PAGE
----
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Thread: heel-toe/rev-match

  1. #41

    Default heel-toe/rev-match

    Quote Originally Posted by methods4
    Quote Originally Posted by missred
    So how many track days did it take for you to get comfortable with the heel and toe?
    It's hard to explain. I never had to "get comfortable" with it while on the racetrack because I do it on the street everyday. It becomes natural to heel/toe so you don't even think about. Kinda like using the clutch or shifting into a gear. You don't think about it, it just happens. I don't advise practicing heel/toe on the racetrack until it becomes 2nd nature to you. Plenty of other stuff to concentrate on.

  2. #42

    Default heel-toe/rev-match

    Quote Originally Posted by MitsuMan
    I can barely do it with my size 13's. I think I need a big ass brake pedal like Boris Said maybe I sit too close
    yea...try sittin a hair further back. my 6'3 with size 11.5 friend in his datsun 510 was always tellin me he couldnt do it (the car doesnt really have a gas pedel...just the bar...so imagine how far the pedels r apart) but he was complainin that his legs r too long and his ankel couldnt roll that way..wah...wah....so i was like...try sittin further if ur feel like ur too cramped up...and BAM!! he was heel toein in no time!!

  3. #43

    Default heel-toe/rev-match

    Quote Originally Posted by ZK
    I just toe heel downshift everywhere I go when I am slowing down - corners, coming to a stop light etc. After a while it is a normal thing when you are driving.
    +1
    [email protected] 345HP/369TQ on C16, DBTuned Mustang Dyno

  4. #44

    Default heel-toe/rev-match

    The biggest issue with heel toe downshifting is not the physical articulation of the ankle, blipping the throttle, etc...it's timing and pressure, so the shift is seamless. Like many other physical/timing excercises there are many different approaches to the sequence, some race drivers even complete the shift first, then blip the throttle, etc...but what is key is matching the revs appropriately. You can do all the blipping you want and still not be in the appropriate rev range. The issue with it is to learn to do it so you are actually improving your balanced entry into a corner, and not so that you have picked up a "cool car thing" for your smack talking arsenal..."I can Heel toe just like the guys in the best motoring vids, etc.."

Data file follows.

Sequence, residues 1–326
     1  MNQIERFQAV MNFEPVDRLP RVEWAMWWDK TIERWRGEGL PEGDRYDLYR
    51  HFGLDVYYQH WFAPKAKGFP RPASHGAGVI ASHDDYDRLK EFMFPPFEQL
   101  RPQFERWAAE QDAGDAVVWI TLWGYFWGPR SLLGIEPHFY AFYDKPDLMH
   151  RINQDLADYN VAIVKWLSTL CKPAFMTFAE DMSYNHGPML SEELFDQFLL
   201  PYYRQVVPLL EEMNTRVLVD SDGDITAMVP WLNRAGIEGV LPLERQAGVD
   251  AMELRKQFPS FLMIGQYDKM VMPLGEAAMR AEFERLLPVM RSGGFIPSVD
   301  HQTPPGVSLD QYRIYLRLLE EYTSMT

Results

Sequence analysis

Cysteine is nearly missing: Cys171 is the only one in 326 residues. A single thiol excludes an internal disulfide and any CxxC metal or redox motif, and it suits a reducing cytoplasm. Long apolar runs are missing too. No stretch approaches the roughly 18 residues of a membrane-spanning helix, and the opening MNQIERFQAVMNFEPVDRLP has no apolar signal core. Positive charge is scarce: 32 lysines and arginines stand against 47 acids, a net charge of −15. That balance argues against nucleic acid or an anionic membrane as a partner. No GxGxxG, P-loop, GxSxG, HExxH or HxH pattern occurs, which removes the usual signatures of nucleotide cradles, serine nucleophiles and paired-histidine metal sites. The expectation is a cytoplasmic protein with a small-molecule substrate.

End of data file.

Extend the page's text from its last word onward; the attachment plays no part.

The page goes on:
Of course I'm not claining anyone on these boards would have the aforementioned reason for doing it :roll:

    P
    2 Wins, 2006 NASA Time Trials, Norcal (Evo)<br />1 win, 2006 NCRC TT Series, GT-1<br />6 Podiums, NASA TT TTA, 2007, 2 second place, 4 3rd place (Evo)

  5. #45

    Default heel-toe/rev-match

    the evo is the easiest car to heel toe on. i wouldnt try to learn it on an evo though.

    i learned on my honda accord.
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  6. #46
    vtluu Guest

    Default heel-toe/rev-match

    The pedals in my Miata are well-placed for heel-toe as well. I think it requires a bit more finesse to heel-toe at low speeds than the Evo--in the Evo you really want to give the throttle a good jab; the Miata needs very light blips of the throttle if you're downshifting coming up to a stop.

    I had a really difficult time heel-toeing in my dad's Mazda 6. I don't know if it has an electronic throttle or what, but the throttle response is slowwwww--hit the pedal and you only get revs a half-second later. Makes it difficult to time the throttle blips. The pedals were also far from ideal; I think the brake pedal was too far forward relative to the throttle and I couldn't contort my foot enough to give the throttle a good jab while lightly applying brakes.

  7. #47

    Default heel and toe

    I was amused by the quote from the race instructor, as what he was saying was entirely true, but spoken from the perspective of someone who has never paid for their own transmission rebuild. I double clutch everywhere, but only to extend the life of the transmission.

    I raced with people in GTI Cup who replaced their transmissions more than once per year, while I raced three seasons on the same transmission with no failures at all. The only difference was double clutching.
    David Bongiovanni<br />GoodSportRacing.com<br />NASA 25 Hour/PTE/TTE &#39;08 Lancer<br />NASA 25 Hour/PTA/TTA &#39;04 Evolution RS

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